Bramwell's Lunch Beat: What Company Pays the Most Taxes?

Why was this jobs report so bad? Blame health care, accountants, and, uh, the performing arts
Neil Irwin, Washington Post columnist and economics editor of Wonkblog, wrote about which sectors and industries were the culprit of the lackluster December jobs report, which showed only 74,000 new jobs were added last month, according to the US Department of Labor Statistics. Analysts pointed to bad weather as the reason for the low gains in employment.

Irwin looked at the recent trend of each of the major categories of employment – their average number of jobs added in the two months preceding the December report. He then compared their December jobs added or lost to the recent trend. Irwin stated the answer “helps explain what was different this month compared to the recent past, when overall job creation was three times as fast.”

He found that the construction industry wasn’t the biggest loser. Surprisingly, it was the health care industry, followed by professional and business services and leisure and hospitality.

Companies paying the most (and least) taxes
Check out which ten companies pay the most in taxes and the ten companies that pay the least in this article on 24/7WallSt.com.

To determine the list of companies, Alexander E.M. Hess and Michael B. Sauter selected businesses with the highest income tax expense and the lowest income tax expense in their most recent fiscal year.

“Income tax expense includes tax liabilities and assets that may be deferred the year they are reported,” the article stated. “Data on factors that affected tax expenses, as well as effective tax rates, are from tax disclosures in [US Securities and Exchange Commission (SEC)] filings. All data are for the most recent fiscal year reported by each company.”

So, what company pays the most taxes? Hint: I stopped at one of its gas stations to fill up my car this morning.

New regulations among SEC’s 2014 examination priorities
Journal of Accountancy Senior Editor Ken Tysiac highlighted the 2014 examination priorities for the US Securities and Exchange Commission (SEC), which cover a range of issues at financial institutions.

Tax shock ahead for wealthy
Brian Faler of Politico wrote on January 10 that Democrats have pushed through several new taxes on the well-to-do, making the top tax bite steeper than first advertised.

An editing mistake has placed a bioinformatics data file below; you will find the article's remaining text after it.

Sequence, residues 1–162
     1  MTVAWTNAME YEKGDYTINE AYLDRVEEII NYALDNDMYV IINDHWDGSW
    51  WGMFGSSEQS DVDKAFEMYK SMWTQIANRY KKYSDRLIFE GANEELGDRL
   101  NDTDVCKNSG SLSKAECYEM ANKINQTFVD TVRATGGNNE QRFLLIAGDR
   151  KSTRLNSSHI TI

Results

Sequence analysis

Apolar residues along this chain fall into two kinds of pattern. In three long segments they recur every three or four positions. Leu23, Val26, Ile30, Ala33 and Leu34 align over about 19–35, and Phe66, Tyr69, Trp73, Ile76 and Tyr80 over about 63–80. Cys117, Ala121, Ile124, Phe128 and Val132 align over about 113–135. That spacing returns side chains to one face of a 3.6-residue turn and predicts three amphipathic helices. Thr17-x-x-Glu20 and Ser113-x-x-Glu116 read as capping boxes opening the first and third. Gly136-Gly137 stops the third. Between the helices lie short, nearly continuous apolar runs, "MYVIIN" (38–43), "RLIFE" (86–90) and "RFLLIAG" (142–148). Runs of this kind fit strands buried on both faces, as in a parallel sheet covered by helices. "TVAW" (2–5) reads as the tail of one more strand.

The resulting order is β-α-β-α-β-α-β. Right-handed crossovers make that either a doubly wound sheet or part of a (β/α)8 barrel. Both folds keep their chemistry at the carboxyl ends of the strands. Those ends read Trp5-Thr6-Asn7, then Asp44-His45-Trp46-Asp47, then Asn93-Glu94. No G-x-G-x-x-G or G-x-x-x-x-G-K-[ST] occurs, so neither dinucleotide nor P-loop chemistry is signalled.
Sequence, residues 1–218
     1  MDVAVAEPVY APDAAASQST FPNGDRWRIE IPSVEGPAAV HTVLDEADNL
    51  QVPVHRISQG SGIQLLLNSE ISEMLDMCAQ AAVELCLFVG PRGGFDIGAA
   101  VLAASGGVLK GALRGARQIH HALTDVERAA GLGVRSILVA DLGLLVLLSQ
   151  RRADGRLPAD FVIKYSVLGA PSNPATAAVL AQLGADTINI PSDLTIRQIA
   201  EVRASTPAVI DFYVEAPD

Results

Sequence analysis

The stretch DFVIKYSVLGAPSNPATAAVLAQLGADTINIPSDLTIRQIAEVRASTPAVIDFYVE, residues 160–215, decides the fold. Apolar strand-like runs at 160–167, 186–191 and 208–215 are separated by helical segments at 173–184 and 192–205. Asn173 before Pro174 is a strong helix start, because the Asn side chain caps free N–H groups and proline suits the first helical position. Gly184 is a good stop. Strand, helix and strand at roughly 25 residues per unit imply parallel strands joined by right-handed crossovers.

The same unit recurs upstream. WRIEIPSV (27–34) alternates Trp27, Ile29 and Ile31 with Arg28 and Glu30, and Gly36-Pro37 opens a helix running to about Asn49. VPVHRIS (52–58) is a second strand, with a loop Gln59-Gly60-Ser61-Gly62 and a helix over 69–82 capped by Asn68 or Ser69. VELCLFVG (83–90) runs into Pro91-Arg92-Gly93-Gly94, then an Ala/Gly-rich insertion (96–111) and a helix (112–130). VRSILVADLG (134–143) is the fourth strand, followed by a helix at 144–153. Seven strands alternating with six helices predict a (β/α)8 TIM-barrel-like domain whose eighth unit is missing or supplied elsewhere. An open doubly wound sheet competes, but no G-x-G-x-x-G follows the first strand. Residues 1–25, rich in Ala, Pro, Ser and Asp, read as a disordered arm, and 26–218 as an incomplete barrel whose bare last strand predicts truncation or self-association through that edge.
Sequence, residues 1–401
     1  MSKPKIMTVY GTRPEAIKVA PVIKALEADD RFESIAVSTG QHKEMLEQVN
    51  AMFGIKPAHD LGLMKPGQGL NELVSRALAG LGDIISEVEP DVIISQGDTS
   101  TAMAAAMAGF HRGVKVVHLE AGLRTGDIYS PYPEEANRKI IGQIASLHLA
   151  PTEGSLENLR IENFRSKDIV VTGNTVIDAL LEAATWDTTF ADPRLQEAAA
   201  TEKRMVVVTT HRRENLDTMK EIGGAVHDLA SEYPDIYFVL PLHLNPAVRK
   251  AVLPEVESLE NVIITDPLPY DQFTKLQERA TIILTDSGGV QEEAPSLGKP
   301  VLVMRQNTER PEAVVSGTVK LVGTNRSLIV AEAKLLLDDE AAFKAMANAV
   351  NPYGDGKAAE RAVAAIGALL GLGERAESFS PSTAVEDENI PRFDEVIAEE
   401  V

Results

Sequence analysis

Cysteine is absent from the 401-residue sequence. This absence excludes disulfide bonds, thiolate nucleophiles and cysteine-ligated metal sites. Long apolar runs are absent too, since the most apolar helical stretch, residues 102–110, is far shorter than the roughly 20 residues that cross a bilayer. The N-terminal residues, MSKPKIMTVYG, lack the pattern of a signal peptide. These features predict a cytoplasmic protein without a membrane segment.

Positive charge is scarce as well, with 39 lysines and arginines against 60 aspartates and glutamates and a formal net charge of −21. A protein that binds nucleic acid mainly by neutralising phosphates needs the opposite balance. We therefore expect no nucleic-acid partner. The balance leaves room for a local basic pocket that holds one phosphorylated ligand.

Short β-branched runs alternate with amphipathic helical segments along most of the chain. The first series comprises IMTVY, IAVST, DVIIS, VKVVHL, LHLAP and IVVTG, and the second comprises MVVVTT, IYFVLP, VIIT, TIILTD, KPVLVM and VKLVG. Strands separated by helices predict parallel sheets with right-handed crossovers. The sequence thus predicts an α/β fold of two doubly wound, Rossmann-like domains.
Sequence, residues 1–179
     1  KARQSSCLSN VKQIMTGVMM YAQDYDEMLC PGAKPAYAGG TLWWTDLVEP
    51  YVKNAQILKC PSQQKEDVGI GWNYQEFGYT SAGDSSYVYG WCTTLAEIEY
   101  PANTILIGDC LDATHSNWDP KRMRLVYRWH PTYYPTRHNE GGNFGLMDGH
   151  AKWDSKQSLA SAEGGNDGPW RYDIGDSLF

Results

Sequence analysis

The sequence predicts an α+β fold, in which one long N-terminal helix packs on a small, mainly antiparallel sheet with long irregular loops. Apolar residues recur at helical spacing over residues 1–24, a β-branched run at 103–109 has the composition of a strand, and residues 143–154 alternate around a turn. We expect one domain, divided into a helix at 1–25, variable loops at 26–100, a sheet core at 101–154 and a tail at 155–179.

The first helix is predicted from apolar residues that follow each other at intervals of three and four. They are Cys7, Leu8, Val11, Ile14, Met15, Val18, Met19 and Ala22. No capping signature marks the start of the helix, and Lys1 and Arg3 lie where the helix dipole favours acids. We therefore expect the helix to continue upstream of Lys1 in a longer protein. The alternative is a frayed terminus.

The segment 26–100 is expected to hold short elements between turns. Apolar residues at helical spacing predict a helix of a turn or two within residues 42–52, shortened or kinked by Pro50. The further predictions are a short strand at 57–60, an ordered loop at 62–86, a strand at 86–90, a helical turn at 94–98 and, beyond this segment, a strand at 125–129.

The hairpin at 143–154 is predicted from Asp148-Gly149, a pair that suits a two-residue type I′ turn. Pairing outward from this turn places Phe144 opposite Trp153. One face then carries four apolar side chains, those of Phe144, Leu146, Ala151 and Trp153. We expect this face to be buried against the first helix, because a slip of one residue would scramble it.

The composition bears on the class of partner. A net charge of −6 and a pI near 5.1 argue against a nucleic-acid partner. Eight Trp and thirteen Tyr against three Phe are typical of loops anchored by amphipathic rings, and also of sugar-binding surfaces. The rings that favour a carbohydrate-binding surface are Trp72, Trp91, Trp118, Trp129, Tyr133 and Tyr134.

“By how much is a matter of opinion, but some experts say the true top rate is about 45 percent – 5 percentage points higher than the usual sticker price or higher still depending on what’s included in the mix,” the article stated.

For example, taxes on capital gains top out at 25 percent, once various surcharges are included – a sharp increase from 2012.

“The newest taxes, designed to help defray the cost of Obama’s 2010 health care law, didn’t begin taking effect until the 2013 tax year,” he wrote. “One requires individuals earning more than $200,000 and couples above $250,000 to pay an additional 0.9 percent Medicare tax, in addition to the program’s 2.9 percent payroll tax. That’s projected to raise $87 billion over a decade, according to Congress’ Joint Committee on Taxation.”

CFP Board moving to shorter, computer-based exams
Andrew Coen of Financial Planning reported on January 10 the Certified Financial Planner (CFP) Board of Standards is shortening its CFP certification exam and is transitioning to a computer-based platform.

Starting in November, the computer-based exam will be administered in one day with six hours of testing time instead of its current day-and-a-half format, which includes ten hours of testing time.

Despite the significantly shorter testing time, the exam is equally thorough and covers the same content, the article stated. In addition, the test will be shortened from the current 285 multiple-choice questions to 170.

Accountant launches fitness enterprise
Josh Pichler of the Cincinnati Enquirer had a Q&A with accountant Brent Kruithof, a former PwC employee who recently started FLYUP Fitness. The company’s flagship prototype product, the FLYUP, is essentially two blocks with handles designed to deliver a total body workout on any surface, the article stated.

“Busy season for an accountant is crazy. It involves a lot of travel and being out of town, staying in hotels. I wanted to still stay fit and go to the gym, but I couldn’t really do that with my busy season,” Kruithof told Pichler. “So that’s what led me to develop a fitness product that would allow me to get in a good workout at home or a hotel room when I was on the road.”

A $100 worth of Litecoin a year ago is worth $30,000 today
By now, most of us have heard about the digital currency Bitcoin. But have you heard of Litecoin, one of the many alternative cryptocurrencies – or altcoins – that have sprung up in Bitcoin’s wake? Kashmir Hill of Forbes spoke with Litecoin creator Charlie Lee about the cryptocurrency’s history.

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